dialectics: 'new', 'systematic' and 'materialist'

From: Andrew Brown (Andrew@LUBS.LEEDS.AC.UK)
Date: Mon Mar 15 2004 - 06:48:57 EST

Michael, Chris, Jerry and all,

Many thanks for the interesting discussion and questions. Jerry asked about my 'new
dialectics' (1999, unpublished) paper. Answering Jerry's question is a good place to
begin a contribution to this thread:

My 1999 piece compares 'new dialectics' with 'critical realism'. The term 'new
dialectics' was, of course, coined by Chris Arthur in 1993. It is discussed [as 'the new
dialectic'] in Chris's recent book: 'The New Dialectic and Marx's "Capital"' (2002,
Leiden: Brill).

While it can have a very broad connotation, in the 1999 paper I used the term 'new
dialectics' because it embraces the work of T.Smith, Geert Reuten/M.Williams and
Chris. My basic point in the paper is that new dialectics corrrectly stresses the need
to develop, or dialectically derive, concepts from abstract and simple to concrete
and complex. Critical realism  fails to stress the notion of dialectical derivation
hence is misleading on the question of abstraction, especially as applied to
capitalism and hence the interpretation of Marx's 'Capital'.

My narrow focus, on the dialectical derivation of categories that grasp the capitalist
system, meant that I was effectively focusing on *systematic* dialectics. I was using
the term 'new dialectics' and 'systematic dialectics' as synonyms. Since that paper I
have made explicit the narrowness of my focus. Thus in a 2002 CJE paper, joint
with D.Spencer and G.Slater, I compare 'systematic dialectics' with the critical realist
notion of abstraction. I argue that systematic dialectics contains a notion of
abstraction absent from critical realism. This new notion of abstraction is 'systematic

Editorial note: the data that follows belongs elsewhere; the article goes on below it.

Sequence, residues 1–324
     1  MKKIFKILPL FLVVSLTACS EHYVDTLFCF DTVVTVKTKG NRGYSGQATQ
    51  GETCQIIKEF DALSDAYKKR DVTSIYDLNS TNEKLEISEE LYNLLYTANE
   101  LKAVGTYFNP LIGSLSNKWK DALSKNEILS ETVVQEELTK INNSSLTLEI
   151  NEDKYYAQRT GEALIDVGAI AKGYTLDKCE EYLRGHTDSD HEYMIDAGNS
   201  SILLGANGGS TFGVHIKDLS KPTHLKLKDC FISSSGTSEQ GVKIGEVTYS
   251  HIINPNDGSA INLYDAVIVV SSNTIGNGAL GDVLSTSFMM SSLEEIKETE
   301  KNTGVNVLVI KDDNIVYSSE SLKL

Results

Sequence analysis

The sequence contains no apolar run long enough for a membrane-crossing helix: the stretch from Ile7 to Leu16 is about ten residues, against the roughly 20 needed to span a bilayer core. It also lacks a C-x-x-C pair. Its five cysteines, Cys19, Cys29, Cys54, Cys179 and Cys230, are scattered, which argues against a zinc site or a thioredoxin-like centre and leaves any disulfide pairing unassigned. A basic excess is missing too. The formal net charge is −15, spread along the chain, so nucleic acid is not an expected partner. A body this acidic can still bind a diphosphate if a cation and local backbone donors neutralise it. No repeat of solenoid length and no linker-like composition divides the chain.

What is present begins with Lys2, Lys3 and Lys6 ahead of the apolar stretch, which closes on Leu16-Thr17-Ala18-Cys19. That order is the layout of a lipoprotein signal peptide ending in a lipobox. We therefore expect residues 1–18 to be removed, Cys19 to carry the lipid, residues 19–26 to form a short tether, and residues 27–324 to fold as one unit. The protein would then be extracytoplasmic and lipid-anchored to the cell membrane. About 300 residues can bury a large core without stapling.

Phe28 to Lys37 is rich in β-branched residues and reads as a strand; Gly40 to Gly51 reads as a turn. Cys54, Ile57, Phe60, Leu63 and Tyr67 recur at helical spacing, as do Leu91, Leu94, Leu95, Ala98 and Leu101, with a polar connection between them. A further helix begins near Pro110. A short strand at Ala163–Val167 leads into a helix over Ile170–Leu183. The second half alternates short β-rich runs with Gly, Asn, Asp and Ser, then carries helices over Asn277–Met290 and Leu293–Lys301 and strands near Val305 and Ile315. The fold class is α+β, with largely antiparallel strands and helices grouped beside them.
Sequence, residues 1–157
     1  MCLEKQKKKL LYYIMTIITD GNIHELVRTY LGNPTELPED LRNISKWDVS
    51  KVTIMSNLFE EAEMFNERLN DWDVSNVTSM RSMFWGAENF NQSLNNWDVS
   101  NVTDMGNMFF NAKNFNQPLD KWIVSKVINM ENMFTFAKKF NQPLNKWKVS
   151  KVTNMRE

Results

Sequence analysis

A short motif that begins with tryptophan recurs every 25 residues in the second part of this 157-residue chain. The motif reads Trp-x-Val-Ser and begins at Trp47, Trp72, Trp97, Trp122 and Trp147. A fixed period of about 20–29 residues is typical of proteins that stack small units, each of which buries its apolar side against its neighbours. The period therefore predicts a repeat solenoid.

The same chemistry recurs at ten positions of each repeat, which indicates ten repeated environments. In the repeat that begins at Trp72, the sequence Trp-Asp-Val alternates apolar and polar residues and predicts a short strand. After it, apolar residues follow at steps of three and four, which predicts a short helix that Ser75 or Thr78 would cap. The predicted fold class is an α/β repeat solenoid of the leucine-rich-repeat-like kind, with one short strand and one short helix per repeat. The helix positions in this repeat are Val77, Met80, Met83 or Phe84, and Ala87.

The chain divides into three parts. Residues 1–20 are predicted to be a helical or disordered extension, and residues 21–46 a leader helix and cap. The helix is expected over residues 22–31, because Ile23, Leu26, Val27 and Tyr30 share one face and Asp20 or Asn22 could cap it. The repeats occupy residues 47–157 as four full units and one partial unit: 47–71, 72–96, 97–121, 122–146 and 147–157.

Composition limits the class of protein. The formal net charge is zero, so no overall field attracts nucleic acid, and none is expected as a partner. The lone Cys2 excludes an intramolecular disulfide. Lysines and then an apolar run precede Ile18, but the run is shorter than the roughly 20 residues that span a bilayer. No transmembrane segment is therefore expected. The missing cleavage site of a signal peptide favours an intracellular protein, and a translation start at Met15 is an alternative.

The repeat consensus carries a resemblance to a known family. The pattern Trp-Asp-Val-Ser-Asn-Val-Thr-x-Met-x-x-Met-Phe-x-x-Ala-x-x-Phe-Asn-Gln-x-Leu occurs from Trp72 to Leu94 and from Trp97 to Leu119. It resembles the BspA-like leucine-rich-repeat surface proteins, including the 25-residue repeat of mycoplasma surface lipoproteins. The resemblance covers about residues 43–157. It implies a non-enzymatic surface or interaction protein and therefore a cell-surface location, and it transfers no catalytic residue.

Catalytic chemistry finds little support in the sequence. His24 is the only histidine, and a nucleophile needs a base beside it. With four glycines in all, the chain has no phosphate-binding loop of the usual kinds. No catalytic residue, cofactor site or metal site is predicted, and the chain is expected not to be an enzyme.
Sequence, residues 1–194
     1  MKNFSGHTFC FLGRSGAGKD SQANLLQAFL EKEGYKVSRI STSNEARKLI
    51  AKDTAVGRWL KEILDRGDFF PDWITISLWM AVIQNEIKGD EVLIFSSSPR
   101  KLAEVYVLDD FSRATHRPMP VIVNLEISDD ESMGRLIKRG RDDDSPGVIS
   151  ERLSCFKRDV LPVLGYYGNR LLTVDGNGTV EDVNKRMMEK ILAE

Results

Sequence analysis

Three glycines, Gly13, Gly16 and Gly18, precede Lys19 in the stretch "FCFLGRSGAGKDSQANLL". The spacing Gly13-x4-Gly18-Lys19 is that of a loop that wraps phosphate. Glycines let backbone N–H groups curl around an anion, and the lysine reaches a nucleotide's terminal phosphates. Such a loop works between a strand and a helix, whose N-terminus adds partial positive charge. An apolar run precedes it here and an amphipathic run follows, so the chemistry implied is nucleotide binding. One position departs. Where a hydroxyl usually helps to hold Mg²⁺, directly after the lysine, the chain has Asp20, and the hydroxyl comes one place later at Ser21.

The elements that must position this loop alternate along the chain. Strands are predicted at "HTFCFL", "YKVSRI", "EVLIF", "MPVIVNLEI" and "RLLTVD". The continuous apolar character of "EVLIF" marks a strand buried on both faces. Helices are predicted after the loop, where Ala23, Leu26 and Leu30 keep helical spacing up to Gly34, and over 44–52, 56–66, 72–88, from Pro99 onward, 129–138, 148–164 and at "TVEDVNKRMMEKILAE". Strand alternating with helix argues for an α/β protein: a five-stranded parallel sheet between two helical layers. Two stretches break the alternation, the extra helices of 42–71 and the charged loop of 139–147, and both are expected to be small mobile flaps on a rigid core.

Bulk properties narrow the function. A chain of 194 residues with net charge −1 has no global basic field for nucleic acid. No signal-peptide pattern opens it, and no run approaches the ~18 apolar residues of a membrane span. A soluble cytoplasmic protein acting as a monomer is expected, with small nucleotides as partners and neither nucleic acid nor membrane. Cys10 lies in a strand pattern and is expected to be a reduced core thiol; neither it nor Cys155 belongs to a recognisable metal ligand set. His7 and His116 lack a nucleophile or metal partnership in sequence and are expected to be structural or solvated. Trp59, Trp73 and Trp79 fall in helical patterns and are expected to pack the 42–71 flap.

abstraction'; when we say that categories must be developed from abstract to
concrete we are referring to 'systematic abstraction'.

Also in that CJE paper we discuss Ollman (1993) 'Dialectical Investigations' [as
appropriated by Tony Lawson]. Ollman (1993) refers to 3 dimensions of abstraction.
But he does *not* refer to systematic dialectics and systematic abstraction. This is a
major deficiency, in our view. Hence we call 'systematic abstraction' the '4th
dimension' of abstraction and criticise critical realism for omitting this 4th dimension.
The chapter by Ollman, referred to by Jerry, indicates *why* Ollman omits the '4th
dimension': he is critical of it.

Thus far it might seem that I am fully in favour of 'systematic dialectics', as
articulated by, for example, Chris A., Tony S. and Geert R. However, another
development of my work has offerred constructive criticism of certain aspects of the
arguments of such contemporary systematic dialecticians. Essentially, I argue that
this work is 'idealist'. The term 'idealist' has many different possible meanings. Chris
and Tony successfully -- though in different ways -- refute the charge of 'idealism' on
most prominent meanings of that term. However, I draw heavily from the work of
E.V. Ilyenkov, which is either rather neglected or badly misinterpreted by systematic
dialecticians. Ilyenkov refers to his work as advocating 'materialist dialectics'. In this
light, I now distinguish between 'Hegel-inspired systematic dialectics' and 'materialist
dialectics'. The former is the work of the aforementioned contemporary systematic
dialecticians. The latter is compatible with Ilyenkov's work.

I would see the tradition in part developed and inspired by Ben Fine as compatible
with materialist dialectics. A recent example that seemed to me to display such
compatibility was Cryus Bina's recent contributions to this list. Alfredo's work is
another good example. Alfredo first introduced me to both new dialectics and
materialist dialectics (though we seem to disagree about many things philosophical).
Michael P.'s 'qualitative' value theory -- i.e. the marvellous article in CJE 1999 --
certainly seems fully compatible with the notion of materialist dialectics that I
advocate. Of course these are my own views not necessarily those of the author's
that I mention.

Many thanks,


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